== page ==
Edinburgh '98 Film: All crises no critique

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The Independent Culture


FEAR AND LOATHING in Las Vegas is a bad trip. Adapted from Hunter S Thompson's demented 1970s masterpiece by Terry Gilliam, this flamboyantly unfocused film drags across the screen in an ennervating welter of visual surrealism which captures the psychotic atmosphere of Thompson's book but little of its splenetic social and political critique.

Following Thompson's alter ego Raoul Duke (Johnny Depp), and his partner in pharmaceutical crime, Dr Gonzo (Benicio Del Toro), through a plotless picaresque of drug-fuelled debauchery, Fear and Loathing is less radical road movie than hysterical, one-note satire.

Maniacally mannered performances from Depp and Del Toro (who seem to be in some kind of line-slurring competition) make it impossible to get under the skin of the two-dimensional leads while, filtered through Duke's outsized, gonzo shades, everyone else on screen appears merely another monstrous mutation of 1970s repression and hypocrisy.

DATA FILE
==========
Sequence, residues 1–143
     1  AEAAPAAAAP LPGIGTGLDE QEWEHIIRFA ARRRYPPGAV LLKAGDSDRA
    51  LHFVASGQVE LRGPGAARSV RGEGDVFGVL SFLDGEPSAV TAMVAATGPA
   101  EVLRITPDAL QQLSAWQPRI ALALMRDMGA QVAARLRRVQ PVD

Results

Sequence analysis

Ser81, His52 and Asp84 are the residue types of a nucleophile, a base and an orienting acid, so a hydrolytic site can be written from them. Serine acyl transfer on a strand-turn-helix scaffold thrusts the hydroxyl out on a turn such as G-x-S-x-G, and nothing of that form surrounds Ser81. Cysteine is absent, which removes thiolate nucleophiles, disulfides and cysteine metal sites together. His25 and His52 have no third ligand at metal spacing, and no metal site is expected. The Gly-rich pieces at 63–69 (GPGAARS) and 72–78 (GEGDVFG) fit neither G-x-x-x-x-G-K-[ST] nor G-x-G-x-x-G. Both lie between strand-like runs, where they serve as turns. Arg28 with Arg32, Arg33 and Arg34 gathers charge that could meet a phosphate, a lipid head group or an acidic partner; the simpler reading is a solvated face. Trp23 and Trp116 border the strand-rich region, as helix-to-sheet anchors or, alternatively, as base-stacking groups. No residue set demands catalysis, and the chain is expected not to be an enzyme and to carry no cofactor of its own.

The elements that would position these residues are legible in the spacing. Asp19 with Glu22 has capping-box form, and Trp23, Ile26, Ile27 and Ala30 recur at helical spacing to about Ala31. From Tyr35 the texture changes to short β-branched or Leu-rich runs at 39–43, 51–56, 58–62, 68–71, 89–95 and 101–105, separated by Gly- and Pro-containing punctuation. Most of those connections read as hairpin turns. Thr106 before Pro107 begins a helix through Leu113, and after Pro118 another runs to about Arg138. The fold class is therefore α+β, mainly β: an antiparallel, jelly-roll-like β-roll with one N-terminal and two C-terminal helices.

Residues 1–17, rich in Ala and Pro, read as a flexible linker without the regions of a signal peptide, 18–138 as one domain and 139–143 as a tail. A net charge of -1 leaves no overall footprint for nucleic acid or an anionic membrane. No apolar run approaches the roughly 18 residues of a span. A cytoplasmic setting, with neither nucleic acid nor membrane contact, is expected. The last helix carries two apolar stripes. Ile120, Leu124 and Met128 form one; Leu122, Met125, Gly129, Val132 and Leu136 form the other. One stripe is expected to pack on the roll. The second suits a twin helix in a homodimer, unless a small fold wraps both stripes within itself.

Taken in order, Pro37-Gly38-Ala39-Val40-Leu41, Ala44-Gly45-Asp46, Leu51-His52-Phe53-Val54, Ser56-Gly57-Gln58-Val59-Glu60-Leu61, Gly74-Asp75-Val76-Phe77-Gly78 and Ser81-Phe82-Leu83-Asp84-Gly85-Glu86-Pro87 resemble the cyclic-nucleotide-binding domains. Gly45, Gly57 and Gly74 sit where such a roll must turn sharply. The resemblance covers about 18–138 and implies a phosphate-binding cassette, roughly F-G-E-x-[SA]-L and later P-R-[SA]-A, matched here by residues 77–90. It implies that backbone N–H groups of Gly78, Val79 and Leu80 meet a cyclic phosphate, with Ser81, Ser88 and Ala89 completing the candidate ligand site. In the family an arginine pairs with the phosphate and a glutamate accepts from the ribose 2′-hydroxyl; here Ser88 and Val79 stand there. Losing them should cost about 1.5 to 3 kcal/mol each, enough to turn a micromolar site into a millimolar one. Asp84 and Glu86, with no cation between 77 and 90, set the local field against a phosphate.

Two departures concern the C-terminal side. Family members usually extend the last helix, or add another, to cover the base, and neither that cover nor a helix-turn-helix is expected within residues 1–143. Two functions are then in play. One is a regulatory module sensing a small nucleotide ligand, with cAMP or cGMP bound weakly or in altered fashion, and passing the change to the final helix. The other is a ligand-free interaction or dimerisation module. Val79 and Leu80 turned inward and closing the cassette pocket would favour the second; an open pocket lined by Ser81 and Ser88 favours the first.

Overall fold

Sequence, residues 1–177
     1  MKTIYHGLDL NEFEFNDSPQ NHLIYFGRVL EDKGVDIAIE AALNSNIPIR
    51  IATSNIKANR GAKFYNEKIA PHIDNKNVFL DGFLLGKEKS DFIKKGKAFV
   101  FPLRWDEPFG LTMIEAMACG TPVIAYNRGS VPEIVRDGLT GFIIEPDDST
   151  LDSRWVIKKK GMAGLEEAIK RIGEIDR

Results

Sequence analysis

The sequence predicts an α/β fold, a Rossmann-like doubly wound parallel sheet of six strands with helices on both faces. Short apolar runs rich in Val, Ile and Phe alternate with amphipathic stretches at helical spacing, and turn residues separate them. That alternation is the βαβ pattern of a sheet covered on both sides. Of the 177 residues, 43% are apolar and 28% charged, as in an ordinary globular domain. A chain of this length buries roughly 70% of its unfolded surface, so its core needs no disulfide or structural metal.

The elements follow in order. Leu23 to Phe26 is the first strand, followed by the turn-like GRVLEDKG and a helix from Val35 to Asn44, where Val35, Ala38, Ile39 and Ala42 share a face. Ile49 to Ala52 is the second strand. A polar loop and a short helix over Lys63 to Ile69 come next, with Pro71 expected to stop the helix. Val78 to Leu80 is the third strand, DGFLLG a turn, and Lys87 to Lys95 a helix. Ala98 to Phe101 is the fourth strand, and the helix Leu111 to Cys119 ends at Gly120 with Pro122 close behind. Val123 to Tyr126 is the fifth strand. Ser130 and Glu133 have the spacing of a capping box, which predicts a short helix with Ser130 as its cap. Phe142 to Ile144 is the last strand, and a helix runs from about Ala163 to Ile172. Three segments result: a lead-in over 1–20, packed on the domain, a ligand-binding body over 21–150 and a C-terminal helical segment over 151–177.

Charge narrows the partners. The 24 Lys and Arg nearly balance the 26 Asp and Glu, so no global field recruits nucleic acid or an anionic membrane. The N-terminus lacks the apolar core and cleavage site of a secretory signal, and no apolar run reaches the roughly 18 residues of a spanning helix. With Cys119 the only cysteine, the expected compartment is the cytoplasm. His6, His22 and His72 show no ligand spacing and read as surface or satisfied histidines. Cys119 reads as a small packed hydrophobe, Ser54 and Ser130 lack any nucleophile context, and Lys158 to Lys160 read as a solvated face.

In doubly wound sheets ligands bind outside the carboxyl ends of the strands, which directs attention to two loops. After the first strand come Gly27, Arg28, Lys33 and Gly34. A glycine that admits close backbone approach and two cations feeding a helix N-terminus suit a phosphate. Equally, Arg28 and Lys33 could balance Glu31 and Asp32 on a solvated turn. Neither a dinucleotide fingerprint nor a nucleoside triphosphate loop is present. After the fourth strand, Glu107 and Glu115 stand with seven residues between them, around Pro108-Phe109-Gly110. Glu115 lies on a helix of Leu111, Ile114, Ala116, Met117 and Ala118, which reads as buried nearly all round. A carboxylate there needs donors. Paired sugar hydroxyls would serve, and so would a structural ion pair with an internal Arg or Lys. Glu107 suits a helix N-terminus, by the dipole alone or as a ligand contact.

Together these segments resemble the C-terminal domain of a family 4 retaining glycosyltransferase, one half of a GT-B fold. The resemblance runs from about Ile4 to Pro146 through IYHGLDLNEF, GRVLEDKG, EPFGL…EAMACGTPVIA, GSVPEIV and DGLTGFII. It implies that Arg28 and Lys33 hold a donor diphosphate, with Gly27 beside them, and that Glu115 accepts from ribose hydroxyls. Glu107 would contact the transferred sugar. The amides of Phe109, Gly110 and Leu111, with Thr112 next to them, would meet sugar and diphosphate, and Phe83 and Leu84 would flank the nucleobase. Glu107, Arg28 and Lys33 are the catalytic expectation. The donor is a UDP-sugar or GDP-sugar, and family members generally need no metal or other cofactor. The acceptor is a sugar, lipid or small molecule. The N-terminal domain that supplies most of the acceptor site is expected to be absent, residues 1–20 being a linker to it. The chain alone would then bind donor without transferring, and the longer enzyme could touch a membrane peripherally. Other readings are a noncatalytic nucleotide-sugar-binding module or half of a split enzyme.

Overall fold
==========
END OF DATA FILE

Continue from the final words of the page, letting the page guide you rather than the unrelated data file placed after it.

With such undifferentiated weirdness all around, there's little to do than laugh at the pathetic, sometimes savage excesses of Duke and Gonzo. Rather than a journey into Nixon's rotten American Dream, or even into the dark heart of Duke and Gonzo's amoral odyssey, Fear and Loathing becomes merely a hall of mirrors which endlessly warp and distort reality to fairground grotesquery.

At a Scene by Scene dissection of the movie last night, Gilliam ironically related how, when he inherited his script from sacked director Alex Cox, he became disenchanted with a story that just seemd to be about two guys on a drugs binge behaving badly over a weekend in Las Vegas. Unfortunately, his ambitious film fails to take Thompson's novel much further.